Now here are the daily statistics for Wednesday, April 27.

As of Wednesday morning, the world has recorded 510.9 million Covid-19 cases, an increase of 0.8 million new cases in the preceding 24 hour period, and over 6.2 million deaths, according to Worldometer, a service that tracks such information. In addition, 464.2 million people worldwide have recovered from the virus, an increase of 0.7 million.

Worldwide, the number of active coronavirus cases as of Wednesday is 40,485,372, an increase of 57,000 from the prior day. Out of that figure, 99.9%, or 40,443,401, are considered mild, and 0.1%, or 41,971, are listed as critical.  The percentage of cases considered critical is largely unchanged over the past 24 hours.

The United States reported 54,447 new coronavirus infections on Wednesday for the previous day, compared to 74,612 on Tuesday, 12,816 on Monday, 18,917  on Sunday, and 69,827 on Saturday, according to data from the U.S. Department of Health and Human Services.  The 7-day incidence rate is 50,298.  Figures for the weekend (reported the following day) are typically 30% to 60% of those posted on weekdays due to a lower number of tests being conducted.

The average daily number of new coronavirus cases in the United States over the past 14 days is 50,791, a 61% increase, based on data from the Department of Health and Human Services, among other sources.  The average daily death toll over the same period is 362, a decrease of 32% over the same period.

In addition, since the start of the pandemic the United States has, as of Wednesday, recorded 82.8 million cases, a higher figure than any other country, and a death toll of over 1 million. India has the world’s second highest number of officially recorded cases, almost 43.1 million, and a reported death toll of 522,374. Meanwhile, Brazil has recorded the second highest number of deaths as a result of the virus, 662,941, and has just under 30.4 million cases.  France continues to occupy the number four position with 28.4 million cases, and Germany is in the number five slot with 24.2 million.  The United Kingdom, with over 21.9 million cases, is now number six and is the only other country in the world with a total number of cases over the 20 million mark.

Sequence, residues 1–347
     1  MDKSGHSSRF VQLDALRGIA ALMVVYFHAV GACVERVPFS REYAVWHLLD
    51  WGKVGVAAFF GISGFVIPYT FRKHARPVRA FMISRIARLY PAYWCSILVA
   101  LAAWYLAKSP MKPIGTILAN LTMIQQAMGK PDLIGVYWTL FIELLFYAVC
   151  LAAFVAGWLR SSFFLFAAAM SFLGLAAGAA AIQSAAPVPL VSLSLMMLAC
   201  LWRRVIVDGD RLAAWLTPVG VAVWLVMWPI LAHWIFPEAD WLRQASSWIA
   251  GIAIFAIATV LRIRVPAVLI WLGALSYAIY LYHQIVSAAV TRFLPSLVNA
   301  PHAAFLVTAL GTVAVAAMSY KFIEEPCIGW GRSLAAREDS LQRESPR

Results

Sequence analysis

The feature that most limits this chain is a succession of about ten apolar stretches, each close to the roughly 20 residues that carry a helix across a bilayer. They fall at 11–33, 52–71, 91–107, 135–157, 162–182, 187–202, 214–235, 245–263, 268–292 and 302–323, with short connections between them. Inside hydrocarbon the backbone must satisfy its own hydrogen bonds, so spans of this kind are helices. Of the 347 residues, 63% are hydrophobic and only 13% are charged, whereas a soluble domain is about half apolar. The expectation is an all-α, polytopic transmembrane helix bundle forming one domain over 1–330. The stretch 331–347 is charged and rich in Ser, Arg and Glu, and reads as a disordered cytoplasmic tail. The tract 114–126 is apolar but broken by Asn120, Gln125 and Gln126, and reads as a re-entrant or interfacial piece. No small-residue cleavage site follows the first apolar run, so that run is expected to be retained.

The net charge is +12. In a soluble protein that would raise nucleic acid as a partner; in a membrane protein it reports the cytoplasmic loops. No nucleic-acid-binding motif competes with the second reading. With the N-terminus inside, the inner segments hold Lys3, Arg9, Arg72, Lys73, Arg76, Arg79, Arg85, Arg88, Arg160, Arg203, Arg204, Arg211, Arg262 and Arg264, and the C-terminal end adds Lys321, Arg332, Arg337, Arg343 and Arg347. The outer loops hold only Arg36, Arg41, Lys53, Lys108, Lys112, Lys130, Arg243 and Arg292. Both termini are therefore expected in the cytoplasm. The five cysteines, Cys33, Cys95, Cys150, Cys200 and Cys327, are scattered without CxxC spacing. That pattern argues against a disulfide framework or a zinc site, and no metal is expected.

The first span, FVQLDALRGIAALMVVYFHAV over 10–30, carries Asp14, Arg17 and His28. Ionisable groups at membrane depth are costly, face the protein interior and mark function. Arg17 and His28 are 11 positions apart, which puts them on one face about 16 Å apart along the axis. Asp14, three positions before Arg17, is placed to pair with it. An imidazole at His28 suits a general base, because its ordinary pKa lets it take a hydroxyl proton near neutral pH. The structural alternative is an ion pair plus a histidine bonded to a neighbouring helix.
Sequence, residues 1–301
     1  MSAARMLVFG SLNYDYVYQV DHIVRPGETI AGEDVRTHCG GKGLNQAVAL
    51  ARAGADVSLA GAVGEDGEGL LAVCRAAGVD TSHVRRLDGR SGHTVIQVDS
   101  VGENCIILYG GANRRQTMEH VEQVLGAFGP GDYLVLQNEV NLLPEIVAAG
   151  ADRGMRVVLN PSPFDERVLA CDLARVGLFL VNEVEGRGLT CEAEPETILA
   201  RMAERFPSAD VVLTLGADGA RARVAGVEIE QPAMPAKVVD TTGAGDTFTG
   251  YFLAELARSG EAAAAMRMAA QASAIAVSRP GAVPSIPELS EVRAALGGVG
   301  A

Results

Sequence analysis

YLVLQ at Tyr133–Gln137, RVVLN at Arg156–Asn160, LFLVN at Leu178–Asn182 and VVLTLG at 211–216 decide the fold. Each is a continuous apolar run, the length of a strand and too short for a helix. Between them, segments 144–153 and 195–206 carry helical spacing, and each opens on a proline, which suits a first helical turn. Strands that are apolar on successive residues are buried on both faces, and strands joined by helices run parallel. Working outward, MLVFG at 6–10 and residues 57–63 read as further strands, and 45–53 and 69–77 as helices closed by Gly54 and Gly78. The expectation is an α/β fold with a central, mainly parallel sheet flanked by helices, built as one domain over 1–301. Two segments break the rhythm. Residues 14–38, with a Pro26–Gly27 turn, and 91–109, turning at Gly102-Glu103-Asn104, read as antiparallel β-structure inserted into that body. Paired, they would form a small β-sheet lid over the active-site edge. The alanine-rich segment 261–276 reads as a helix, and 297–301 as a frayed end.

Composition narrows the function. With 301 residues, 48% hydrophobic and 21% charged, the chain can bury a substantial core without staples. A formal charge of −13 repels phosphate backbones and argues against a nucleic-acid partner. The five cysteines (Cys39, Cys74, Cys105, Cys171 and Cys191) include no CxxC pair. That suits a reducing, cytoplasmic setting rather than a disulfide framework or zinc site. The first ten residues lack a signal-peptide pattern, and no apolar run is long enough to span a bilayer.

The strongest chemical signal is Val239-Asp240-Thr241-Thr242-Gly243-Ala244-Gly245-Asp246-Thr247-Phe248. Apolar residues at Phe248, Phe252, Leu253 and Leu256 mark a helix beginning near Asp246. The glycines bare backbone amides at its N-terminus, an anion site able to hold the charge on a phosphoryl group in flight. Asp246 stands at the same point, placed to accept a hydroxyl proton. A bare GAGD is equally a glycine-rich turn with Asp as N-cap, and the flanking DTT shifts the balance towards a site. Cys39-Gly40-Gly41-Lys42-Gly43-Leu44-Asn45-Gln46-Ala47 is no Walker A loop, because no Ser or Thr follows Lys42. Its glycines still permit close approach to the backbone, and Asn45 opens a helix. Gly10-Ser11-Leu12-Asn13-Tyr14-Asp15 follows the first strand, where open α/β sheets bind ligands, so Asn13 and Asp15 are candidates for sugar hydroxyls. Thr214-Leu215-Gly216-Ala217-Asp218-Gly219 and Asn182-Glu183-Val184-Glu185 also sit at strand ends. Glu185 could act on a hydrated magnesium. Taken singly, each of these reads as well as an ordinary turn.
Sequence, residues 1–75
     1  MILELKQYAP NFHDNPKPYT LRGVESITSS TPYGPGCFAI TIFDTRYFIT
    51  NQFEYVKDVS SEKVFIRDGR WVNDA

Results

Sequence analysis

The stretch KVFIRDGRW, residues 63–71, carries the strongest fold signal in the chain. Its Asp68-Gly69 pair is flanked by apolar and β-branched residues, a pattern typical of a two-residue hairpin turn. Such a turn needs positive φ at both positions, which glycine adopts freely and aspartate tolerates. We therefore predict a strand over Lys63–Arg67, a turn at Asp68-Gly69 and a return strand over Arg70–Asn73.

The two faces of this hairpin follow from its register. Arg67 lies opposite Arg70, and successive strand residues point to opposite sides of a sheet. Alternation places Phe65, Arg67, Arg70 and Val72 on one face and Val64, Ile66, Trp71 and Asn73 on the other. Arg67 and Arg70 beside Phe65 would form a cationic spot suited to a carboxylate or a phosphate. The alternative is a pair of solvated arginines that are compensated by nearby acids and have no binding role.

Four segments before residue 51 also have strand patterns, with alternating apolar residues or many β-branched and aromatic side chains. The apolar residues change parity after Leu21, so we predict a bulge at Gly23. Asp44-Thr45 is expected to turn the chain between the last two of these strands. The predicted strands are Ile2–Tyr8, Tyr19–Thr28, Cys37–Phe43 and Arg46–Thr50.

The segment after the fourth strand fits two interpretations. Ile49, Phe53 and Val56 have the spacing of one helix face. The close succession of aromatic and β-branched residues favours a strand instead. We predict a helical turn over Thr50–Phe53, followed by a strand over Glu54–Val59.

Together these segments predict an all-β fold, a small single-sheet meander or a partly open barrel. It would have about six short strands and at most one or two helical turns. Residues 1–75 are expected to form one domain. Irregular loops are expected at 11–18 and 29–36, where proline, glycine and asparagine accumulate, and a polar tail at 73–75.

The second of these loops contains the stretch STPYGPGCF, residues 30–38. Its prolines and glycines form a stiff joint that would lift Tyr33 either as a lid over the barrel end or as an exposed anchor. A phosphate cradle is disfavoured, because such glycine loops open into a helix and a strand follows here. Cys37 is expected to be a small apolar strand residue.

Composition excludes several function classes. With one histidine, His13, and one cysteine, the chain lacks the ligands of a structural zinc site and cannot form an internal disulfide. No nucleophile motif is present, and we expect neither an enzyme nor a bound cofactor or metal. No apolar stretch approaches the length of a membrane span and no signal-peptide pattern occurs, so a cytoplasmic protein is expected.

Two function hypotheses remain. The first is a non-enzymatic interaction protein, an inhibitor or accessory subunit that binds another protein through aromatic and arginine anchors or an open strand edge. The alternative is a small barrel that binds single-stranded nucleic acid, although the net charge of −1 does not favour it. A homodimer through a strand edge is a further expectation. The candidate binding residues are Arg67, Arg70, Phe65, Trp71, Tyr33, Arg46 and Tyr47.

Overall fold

The Centers for Disease Control and Prevention said that, as of Wednesday, over 257.4 million people in the United States – or 77.5% – have received at least one dose of the coronavirus vaccine. Of that population, 66.1%, or 219.4 million people, have received two doses of vaccine, and the total number of doses that have been dispensed in the United States is now 573.6 million. Breaking this down further, 88.9% of the population over the age of 18 – or 229.7 million people – has received at least a first inoculation and 76% of the same group – or 196.3 million people – is fully vaccinated.  In addition, 49.2% of that population, or 96.6 million people, has already received a third, or booster, dose of vaccine.

Over 65.1% of the world population has received at least one dose of coronavirus vaccine by Wednesday, according to Our World in Data, an online scientific publication that tracks such information.  So far, 11.55 billion doses of the vaccine have been administered on a global basis and 11.26 million doses are now administered each day.

Meanwhile, only 15.2% of people in low-income countries have received one dose, while in countries such as Canada, China, Denmark, France, Italy, the United Kingdom, and the United States, at least 75% of the population has received at least one dose of vaccine.

Only a handful of the world’s poorest countries –  Bangladesh, Bhutan, Cambodia and Nepal –  have reached the 70% mark in vaccinations. Many countries, however, are under 20% and, in countries such as Haiti, Senegal, and Tanzania, for example, vaccination rates remain in the single digits, if not lower.

In addition, North Korea and Eritrea are now the only two countries in the world that have not administered vaccines.

Anna Breuer contributed to this story.


(Photo: Accura Media Group)

Accura News